A horrible train derailment left three people killed and injured dozens more Sunday in Burlington, Ontario.
The Canadian Via Rail passenger train derailed west of Toronto, killing three railroad employees and injuring dozens of passengers.
Via Rail spokeswoman Michelle Lamarche said the three people killed were all engineers riding in the cab of the locomotive at the front of the train.
Burlington Mayor Rick Goldring also confirmed that three people died in the accident.
Lamarche said no passengers died, but 45 of the 75 people on board were injured. The train was traveling from Niagara Falls to Toronto when it derailed around 3:30 p.m. Sunday.
The train crashed on its side into a small trackside building, and at least two passenger cars behind it were driven off the tracks into an L-shape. All six cars derailed, a Via official said.
The scene from the crash was unspeakable, as twisted metal and debris covered the area.
Emergency crews scrambled to pull passengers to safety amid reports fuel was leaking from the train. Some passengers were carried away on boards and stretchers while others, looking dazed and battered, were led out of the wreckage by emergency workers.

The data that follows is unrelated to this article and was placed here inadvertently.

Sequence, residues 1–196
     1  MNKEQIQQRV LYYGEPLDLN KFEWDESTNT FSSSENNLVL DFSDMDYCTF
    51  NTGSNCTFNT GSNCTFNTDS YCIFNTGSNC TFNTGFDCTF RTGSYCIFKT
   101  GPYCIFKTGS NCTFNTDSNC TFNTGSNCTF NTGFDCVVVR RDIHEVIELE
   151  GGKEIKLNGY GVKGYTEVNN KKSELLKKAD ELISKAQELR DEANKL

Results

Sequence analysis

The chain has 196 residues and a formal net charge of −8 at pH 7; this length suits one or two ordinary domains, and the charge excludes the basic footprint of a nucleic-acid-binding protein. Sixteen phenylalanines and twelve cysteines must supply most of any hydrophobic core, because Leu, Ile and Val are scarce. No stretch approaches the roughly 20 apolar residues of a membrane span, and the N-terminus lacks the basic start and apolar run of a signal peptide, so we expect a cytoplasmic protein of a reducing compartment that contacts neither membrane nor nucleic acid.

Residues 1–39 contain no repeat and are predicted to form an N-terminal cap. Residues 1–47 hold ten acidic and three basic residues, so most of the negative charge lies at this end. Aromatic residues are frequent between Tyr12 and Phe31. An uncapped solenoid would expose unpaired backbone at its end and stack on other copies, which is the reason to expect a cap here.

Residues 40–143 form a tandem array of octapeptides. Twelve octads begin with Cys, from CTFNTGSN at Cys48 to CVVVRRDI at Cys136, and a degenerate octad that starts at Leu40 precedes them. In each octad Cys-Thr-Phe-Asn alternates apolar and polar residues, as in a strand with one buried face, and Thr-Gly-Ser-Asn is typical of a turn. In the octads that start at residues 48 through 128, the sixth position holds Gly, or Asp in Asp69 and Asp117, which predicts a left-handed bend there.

Three passengers were airlifted to hospital, one with a heart attack, another with a broken leg and the third with a back injury.
Forty-two other passengers suffered less-serious injuries and were either treated at the scene or taken to local hospitals. Some 30 passengers were well enough to continue on to Toronto's Union Station by bus.
One of the train's passengers, Faisal Abid, 21, told The Toronto Star that he was in the first car when it suddenly derailed and fell on its side.
Mr. Abid said: "My legs were basically on the windows. There was blood everywhere."
Deanna Villela of Welland, Ontario, said she felt a slight bump before the train jumped off the tracks, sending people and luggage flying. The crash lasted about 10 seconds but felt like "forever," she said.
Goldring said the crash caused minor damage to nearby buildings.
Via chief operating officer John Marginson said:
"There's no question it's very tragic. We're a relatively small company, we're a family, we know everyone by name. We certainly feel for the families of the colleagues that we lost."
Transportation Safety Board investigators were on the scene Sunday and will investigate a key piece of evidence: the train's data recorder. It was not immediately known how fast the train was traveling.